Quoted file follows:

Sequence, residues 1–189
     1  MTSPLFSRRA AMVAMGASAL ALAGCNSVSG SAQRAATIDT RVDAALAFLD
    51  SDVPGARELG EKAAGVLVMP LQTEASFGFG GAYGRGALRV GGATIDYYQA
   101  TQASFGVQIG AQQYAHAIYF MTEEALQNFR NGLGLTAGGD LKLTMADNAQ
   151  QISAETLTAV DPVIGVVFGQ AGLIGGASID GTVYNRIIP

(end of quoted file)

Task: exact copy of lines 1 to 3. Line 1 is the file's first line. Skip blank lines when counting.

Sequence, residues 1–189
     1  MTSPLFSRRA AMVAMGASAL ALAGCNSVSG SAQRAATIDT RVDAALAFLD
    51  SDVPGARELG EKAAGVLVMP LQTEASFGFG GAYGRGALRV GGATIDYYQA